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Italy to Look at Infrastructure After Bridge Disaster

Monday, August 20, 2018

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Only days after the collapse of the Morandi Bridge in Genoa, Italy, the government has proclaimed that there will be a nationwide safety assessment of its infrastructure, which may be mired due to the lack of a central authority overseeing quality control. As for the Morandi Bridge, its poor condition had reportedly been known for years prior to this week’s disaster.

Authorities report that there may be other issues with the country’s infrastructure, but there is no way to determine the extent due to having such little information. What remains unclear is whether the Morandi Bridge collapse is indicative of a countrywide infrastructure crisis.

Morandi Bridge Collapse

Eyewitness Pietro M all'Asa said that, just after 11:30 a.m. local time, on Aug. 14, lightning struck the bridge. Another unnamed witness said that they heard “an incredible roar,” thinking that it was just thunder nearby. Traffic was disrupted, and the “city was paralyzed.” A heavy thunderstorm was reported at the time of the incident, with recorded 35-mile-per-hour winds, and a gulf now divides two sections of the bridge.

The cable-stayed concrete bridge, known as the Polcevera Viaduct, completed in 1968, was designed by Italian civil engineer Riccardo Morandi. According to website Retrofutur, the bridge is characterized, as are other Morandi structures, by thin prestressed concrete girders and relatively few stays. Three A-shaped concrete pylons hold four prestressed stays apiece. The website has chronicled numerous projects over the years to reinforce the structure, including steel sheaths over the concrete pylons.

Authorities currently suspect that structural weakness caused the collapse. Traffic was also likely heavier than normal due to Ferragosto, a major Italian holiday. During the incident, vehicles fell onto rail tracks, buildings and a river running underneath.

Bridge Condition

Experts issued a warning that the Morandi Bridge might be deteriorating some time before Tuesday's disaster, according to reports. In 2012, the leader of Genoa's business federation noted that the bridge could collapse within 10 years. In 2011, a report from Autostrade per l'Italia, the operator of the A10 highway that ran over the bridge, warned of intense decay.

Officials from the Five Star Movement, which is part of Italy’s governing coalition, opposed plans to replace the Morandi Bridge, citing the idea that the project would likely fall into corruption.

Concerning Infrastructure

Danilo Toninelli, Italy’s transport minister and also a member of Five Star, announced that there would be a comprehensive review of the country’s infrastructure, and that repairs would be made, though it would be a long, expensive endeavor. Along with transportation experts, Toninelli emphasized that much of the country’s infrastructure was built in the 1950s and ’60s, if not earlier, and much of it is beginning to show its age.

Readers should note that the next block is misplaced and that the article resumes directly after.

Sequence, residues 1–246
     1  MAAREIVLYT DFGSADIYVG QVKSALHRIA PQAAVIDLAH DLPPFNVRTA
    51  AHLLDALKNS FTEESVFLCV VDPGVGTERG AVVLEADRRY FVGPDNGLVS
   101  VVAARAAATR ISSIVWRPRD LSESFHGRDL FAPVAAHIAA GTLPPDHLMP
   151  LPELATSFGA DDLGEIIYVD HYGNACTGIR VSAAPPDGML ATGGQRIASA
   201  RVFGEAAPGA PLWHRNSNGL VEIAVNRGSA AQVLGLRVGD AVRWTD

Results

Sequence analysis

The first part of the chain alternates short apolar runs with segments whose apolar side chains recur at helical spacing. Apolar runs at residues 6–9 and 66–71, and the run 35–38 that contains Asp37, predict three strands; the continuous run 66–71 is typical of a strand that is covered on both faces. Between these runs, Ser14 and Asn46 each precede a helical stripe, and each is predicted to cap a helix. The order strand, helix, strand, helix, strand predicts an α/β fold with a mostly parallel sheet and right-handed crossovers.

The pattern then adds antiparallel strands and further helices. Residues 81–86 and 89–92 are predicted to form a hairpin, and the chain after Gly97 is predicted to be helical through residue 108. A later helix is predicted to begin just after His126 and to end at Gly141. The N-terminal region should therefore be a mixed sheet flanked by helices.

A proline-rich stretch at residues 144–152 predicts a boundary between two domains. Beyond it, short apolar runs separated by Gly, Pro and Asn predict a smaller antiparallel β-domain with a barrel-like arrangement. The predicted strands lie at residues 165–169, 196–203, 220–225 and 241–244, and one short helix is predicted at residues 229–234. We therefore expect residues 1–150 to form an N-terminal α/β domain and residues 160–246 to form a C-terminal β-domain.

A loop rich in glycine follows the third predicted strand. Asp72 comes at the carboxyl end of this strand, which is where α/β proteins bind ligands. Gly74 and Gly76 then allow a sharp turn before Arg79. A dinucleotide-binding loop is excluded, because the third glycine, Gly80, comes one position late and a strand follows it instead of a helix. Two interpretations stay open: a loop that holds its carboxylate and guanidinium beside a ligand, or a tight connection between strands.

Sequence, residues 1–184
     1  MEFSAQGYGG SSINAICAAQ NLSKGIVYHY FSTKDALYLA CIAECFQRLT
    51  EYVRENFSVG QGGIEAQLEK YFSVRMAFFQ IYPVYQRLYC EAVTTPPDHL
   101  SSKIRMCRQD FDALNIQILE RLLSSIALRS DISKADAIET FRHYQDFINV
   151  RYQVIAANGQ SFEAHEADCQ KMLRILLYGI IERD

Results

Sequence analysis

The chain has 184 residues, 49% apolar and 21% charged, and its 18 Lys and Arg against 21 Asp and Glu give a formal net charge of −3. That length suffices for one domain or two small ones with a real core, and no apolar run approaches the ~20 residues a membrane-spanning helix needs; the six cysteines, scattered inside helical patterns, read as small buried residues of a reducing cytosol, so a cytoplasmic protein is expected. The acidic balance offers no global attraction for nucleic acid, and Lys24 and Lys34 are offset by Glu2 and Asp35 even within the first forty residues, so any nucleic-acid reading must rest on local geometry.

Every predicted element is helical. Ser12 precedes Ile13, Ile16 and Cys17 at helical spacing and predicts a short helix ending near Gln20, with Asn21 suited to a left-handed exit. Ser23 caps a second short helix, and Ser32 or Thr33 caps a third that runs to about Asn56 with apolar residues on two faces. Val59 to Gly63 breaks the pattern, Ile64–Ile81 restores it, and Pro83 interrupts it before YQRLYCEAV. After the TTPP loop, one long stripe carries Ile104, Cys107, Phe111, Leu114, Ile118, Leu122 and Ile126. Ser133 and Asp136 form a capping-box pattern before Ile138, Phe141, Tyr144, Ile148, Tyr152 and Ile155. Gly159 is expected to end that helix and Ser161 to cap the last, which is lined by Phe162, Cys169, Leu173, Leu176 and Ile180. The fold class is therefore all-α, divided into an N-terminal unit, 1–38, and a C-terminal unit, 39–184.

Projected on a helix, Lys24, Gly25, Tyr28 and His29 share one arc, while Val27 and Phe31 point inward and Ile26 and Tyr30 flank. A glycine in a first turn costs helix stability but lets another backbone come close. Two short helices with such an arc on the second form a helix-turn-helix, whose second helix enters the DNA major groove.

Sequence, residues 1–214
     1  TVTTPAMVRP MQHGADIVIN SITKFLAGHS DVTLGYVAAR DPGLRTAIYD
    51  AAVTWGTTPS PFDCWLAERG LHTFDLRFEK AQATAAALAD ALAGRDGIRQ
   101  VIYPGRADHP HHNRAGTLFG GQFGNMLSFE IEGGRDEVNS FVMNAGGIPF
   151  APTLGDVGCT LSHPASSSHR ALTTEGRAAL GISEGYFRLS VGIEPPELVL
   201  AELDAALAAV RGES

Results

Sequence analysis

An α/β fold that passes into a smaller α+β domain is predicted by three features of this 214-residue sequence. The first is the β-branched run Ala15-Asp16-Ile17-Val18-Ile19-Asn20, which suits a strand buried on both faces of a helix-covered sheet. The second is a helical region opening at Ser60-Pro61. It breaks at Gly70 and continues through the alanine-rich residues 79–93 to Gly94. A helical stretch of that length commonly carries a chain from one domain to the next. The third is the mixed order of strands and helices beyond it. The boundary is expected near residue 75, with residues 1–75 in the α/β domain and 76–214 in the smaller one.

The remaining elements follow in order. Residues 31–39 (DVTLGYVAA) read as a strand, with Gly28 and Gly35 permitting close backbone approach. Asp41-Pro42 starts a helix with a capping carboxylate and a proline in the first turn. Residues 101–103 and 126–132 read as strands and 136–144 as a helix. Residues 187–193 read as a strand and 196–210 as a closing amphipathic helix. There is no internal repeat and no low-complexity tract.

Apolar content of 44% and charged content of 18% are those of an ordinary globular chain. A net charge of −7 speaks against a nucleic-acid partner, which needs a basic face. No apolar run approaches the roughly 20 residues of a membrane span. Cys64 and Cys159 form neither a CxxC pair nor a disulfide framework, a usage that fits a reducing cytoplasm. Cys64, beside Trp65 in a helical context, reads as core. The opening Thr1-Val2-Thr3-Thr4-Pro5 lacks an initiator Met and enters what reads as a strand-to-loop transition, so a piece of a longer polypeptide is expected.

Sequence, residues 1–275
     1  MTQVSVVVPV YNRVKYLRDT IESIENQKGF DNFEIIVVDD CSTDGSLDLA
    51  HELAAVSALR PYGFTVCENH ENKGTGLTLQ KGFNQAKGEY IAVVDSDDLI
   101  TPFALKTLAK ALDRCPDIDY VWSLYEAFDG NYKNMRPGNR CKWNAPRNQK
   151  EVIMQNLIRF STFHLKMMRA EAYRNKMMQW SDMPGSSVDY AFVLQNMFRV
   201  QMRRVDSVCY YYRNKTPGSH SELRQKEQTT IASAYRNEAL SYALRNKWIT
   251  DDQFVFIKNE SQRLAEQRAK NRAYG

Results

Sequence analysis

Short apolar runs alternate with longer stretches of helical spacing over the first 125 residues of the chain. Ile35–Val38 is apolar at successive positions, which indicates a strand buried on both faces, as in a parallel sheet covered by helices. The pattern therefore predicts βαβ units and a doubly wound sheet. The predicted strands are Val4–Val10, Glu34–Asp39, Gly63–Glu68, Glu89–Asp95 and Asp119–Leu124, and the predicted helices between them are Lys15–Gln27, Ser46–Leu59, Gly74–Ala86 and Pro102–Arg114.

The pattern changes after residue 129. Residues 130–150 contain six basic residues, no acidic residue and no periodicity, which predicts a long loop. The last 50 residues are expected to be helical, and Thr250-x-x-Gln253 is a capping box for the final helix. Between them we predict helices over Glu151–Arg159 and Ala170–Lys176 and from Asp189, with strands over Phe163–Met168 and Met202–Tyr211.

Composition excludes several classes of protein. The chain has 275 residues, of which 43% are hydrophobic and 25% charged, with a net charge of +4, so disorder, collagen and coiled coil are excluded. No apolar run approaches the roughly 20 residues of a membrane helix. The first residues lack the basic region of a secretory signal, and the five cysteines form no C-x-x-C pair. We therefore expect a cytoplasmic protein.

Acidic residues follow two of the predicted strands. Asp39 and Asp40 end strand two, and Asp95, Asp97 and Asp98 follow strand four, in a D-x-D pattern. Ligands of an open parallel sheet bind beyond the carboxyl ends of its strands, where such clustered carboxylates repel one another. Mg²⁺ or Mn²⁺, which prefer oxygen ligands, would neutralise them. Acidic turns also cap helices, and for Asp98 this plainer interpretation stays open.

The inability to evaluate bridge conditions on a wide scale comes from Italy’s current model of entrusting its roadways to a range of different authorities, including a number of municipalities and fewer private companies that manage the country’s toll highways. In 2001, a law mandated that all relevant entities compile a registry of the infrastructure they maintain. This registry still does not exist, though some progress has been made.

Antonio Occhiuzzi, the director of the National Research Council’s Institute for Construction Technology, told The New York Times that Italy needs an independent infrastructure monitoring agency, going on to note that half of Italy’s 25,000 bridges likely need to be evaluated.

President of Italy’s council of engineers Armando Zambrano dismissed the notion that the country’s infrastructure could be in crisis, saying that maintenance “work is already well regulated.” He did agree that better oversight was needed, however.

There are plans in place for an extended highway system in and around Genoa, which might have eventually allowed for the demolition of the Morandi Bridge. Work on the project has not started.


Tagged categories: Accidents; Bridges; EU; Europe; Fatalities; Government; Health and safety; Infrastructure; Program/Project Management

Comment from Tom Schwerdt, (8/20/2018, 8:45 AM)

It's pretty shocking that Italy doesn't even have a list of their bridges, much less an organized inspection program. In the USA we have been inspecting, rating and reporting the condition of every bridge at least once every 2 years for decades. You can look up NBI data directly, but I prefer the interface on as they also have information submitted by private citizens for some bridges (Bridgehunter Report). Note that Texas has roughly twice as many bridges as Italy.

Comment from William Feliciano, (8/27/2018, 9:47 AM)

Aside from Italy's lack of a biannual inspection program, the most shocking thing to me about this collapse (though it took me a while to notice, as I compared as-built photos to photos after collapse) was that one of the towers/pylons had collapsed. I had expected the span to have failed due to cable failure, but I didn't expect the support pylon/pier to have gone down. Wow.

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